Google is dropping restrictions it imposed on Android-device-makers, following a clash with the EU.
It is ending a ban on manufacturers having a line-up that includes tablets and phones powered by alternative versions of the operating system to its own as well as ones that feature Google’s own apps and Play Store.
It will also allow some of its services to be pre-installed without others.
But Google continues to appeal against a related €4.3bn (£3.8bn) fine.
The European Commission announced the penalty in July, after ruling that the US company had been using Android to illegally “cement its dominant position” in search.
Google announced the changes to its policies in a blog.
It said the new licensing arrangements would come into effect on 29 October and apply to devices shipped to the European Economic Area (EEA) – which includes Norway, Iceland, and Liechtenstein in addition to the EU.
Until now, Google insisted that if handset- and tablet-makers pre-installed apps such as YouTube and Google Maps, they also had to pre-load its web browser Chrome and Search apps.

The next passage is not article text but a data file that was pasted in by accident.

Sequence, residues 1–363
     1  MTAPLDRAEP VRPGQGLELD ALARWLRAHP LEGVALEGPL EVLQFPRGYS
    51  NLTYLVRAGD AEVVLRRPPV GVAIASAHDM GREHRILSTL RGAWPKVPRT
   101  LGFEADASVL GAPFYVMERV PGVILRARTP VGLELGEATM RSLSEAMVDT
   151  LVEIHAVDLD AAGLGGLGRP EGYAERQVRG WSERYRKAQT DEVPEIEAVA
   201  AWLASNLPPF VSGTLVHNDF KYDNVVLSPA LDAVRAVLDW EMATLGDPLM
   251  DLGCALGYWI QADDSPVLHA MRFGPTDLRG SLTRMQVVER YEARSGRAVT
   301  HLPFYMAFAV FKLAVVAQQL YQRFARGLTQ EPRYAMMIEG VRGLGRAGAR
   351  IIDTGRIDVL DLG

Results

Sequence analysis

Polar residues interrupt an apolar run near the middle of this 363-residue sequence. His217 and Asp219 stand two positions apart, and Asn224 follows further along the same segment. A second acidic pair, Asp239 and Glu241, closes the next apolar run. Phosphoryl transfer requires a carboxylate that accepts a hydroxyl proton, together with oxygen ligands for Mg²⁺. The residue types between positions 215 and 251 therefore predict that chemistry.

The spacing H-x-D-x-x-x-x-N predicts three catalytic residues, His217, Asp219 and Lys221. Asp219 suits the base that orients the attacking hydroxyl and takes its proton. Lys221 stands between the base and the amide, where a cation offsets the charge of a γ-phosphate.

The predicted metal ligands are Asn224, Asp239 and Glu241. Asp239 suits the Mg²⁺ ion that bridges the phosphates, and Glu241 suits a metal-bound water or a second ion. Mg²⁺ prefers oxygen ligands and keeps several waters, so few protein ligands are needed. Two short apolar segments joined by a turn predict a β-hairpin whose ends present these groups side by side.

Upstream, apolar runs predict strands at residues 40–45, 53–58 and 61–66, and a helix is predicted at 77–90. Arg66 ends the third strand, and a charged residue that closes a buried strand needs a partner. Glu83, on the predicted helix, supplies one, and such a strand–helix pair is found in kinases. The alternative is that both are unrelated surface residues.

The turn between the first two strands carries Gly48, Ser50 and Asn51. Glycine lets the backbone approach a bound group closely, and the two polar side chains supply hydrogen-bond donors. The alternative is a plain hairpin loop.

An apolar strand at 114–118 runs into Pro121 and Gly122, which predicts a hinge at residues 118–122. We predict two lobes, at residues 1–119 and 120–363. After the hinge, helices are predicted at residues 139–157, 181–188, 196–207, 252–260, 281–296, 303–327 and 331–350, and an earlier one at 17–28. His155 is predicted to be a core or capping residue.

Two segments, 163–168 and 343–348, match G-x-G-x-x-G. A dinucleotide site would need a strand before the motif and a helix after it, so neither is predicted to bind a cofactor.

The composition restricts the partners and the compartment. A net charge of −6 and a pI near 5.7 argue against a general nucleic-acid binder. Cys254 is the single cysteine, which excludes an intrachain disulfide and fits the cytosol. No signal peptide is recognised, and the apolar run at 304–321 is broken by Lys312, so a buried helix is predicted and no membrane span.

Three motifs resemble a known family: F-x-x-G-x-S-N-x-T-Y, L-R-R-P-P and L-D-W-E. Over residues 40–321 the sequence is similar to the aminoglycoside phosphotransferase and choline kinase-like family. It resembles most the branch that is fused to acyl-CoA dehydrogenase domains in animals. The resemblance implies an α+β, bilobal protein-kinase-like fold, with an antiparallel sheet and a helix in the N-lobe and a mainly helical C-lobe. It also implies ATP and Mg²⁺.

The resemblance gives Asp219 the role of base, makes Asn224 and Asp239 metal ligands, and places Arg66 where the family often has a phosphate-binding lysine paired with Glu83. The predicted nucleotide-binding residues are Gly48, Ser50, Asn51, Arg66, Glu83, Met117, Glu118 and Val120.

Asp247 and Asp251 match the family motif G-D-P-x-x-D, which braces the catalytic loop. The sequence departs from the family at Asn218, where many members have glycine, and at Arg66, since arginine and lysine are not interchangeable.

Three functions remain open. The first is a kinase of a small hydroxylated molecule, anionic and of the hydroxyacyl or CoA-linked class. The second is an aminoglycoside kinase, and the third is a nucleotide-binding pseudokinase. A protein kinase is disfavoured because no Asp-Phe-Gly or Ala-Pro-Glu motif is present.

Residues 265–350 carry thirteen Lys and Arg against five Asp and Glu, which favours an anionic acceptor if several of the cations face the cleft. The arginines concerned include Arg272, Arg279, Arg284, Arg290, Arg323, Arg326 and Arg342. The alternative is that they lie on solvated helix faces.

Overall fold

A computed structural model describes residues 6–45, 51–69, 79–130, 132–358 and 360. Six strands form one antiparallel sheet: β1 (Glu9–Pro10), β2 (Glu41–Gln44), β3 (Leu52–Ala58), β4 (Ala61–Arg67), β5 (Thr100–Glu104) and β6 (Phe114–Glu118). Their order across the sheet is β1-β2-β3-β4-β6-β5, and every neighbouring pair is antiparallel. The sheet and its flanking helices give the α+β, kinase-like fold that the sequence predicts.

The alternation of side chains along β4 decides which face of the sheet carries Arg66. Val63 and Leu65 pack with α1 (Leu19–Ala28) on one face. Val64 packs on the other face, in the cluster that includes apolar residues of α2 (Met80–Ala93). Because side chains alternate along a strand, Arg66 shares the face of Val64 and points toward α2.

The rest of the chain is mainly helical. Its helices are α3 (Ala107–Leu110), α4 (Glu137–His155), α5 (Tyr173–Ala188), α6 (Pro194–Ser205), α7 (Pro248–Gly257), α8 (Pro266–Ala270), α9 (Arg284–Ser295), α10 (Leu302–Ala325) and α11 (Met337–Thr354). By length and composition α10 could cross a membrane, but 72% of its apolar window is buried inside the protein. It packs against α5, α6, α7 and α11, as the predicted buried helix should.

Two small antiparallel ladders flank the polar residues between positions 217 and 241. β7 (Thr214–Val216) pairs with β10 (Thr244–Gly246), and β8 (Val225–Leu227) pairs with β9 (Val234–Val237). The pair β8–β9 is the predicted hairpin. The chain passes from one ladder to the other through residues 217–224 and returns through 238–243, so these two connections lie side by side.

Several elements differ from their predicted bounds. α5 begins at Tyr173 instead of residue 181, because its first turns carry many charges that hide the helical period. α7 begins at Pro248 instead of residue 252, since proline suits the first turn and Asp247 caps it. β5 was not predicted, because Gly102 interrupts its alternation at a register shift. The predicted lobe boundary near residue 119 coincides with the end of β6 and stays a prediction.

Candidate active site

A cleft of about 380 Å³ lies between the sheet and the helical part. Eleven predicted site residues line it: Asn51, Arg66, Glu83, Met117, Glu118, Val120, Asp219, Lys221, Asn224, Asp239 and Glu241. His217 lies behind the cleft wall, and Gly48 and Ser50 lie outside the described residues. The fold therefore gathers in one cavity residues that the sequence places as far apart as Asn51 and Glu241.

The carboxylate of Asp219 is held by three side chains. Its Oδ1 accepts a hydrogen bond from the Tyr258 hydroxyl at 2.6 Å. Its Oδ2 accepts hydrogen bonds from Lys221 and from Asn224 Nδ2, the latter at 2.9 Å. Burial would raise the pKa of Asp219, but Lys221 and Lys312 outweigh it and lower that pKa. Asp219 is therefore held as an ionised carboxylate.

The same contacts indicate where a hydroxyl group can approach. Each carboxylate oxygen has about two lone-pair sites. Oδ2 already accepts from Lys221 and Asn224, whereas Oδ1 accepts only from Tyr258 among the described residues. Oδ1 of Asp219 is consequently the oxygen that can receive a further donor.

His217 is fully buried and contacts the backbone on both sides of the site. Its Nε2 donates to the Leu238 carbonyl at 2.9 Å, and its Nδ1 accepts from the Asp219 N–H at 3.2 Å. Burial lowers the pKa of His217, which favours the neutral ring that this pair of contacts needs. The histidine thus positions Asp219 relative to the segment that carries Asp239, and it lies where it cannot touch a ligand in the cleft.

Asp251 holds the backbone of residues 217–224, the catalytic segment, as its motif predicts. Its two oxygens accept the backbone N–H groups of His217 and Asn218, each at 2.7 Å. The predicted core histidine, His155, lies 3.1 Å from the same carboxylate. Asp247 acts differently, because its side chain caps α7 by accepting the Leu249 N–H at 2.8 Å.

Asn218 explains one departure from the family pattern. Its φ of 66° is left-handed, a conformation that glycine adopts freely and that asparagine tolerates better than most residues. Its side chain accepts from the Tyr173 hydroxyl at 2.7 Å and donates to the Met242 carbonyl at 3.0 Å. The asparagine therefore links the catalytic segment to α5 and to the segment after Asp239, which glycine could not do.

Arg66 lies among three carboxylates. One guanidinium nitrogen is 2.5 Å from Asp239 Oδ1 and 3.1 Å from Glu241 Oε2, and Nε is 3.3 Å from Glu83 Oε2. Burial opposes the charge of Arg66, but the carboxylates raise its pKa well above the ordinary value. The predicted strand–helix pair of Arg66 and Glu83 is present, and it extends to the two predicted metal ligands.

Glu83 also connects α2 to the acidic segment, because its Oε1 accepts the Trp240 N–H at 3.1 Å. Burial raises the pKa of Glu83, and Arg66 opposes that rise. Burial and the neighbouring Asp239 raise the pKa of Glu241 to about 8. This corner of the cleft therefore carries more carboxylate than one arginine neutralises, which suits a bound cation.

Chrome and Search will no longer be bundled in this way.
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But one consequence of the move, Google said, was that manufacturers would face a new fee.
“Since the pre-installation of Google Search and Chrome together with our other apps helped us fund the development and free distribution of Android, we will introduce a new paid licensing agreement for smartphones and tablets shipped into the EEA,” wrote executive Hiroshi Lockheimer.
“Android will remain free and open-source.”
It has not stated how much the new fees will be or whether consumers should expect a significant rise to device prices as a consequence.
‘Free to experiment’
The EU’s Competition Commissioner, Margrethe Vestager, has previously suggested that Google’s restrictions prevented “forked” versions of Android, including Amazon’s Fire OS, from having more impact.
Until now, many manufacturers have focused instead on adding their own “skins”, which involves making user interface changes to Google’s stock version of Android but not deeper alterations to the code that might cause some services to become incompatible.
One industry watcher said he now expected to see more experimentation.
“If, for example, Samsung wanted to do a really pure Samsung device based on a forked version of Android, with a Samsung browser, Samsung Maps and Bixby as the lead voice assistant – but without the parallel Google services – they could,” said Ben Wood, from the CCS Insight consultancy.
“The big challenge for phone-makers is to try to replicate the success that Apple has had with monetising its devices after they have been bought, which it has done by selling services such as iCloud storage and Apple Music.
“That’s been harder to do for Android licensees as a lot of the revenue from their devices has flowed to Google via things like Search and Maps.”